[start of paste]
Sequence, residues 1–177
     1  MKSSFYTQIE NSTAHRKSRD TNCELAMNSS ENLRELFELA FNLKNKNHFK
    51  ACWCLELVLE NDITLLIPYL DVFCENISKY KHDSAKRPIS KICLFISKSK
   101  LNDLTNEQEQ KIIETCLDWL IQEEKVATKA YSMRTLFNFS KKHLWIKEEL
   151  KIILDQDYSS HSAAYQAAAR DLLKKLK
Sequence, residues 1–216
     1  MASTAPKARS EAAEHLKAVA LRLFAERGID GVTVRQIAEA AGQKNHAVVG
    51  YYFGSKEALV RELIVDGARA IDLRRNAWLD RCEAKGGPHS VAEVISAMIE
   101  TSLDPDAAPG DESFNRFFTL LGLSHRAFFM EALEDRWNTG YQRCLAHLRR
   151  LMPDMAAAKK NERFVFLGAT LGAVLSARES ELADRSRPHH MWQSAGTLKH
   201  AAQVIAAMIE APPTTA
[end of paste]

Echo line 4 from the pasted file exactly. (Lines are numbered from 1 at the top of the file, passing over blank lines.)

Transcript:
   101  LNDLTNEQEQ KIIETCLDWL IQEEKVATKA YSMRTLFNFS KKHLWIKEEL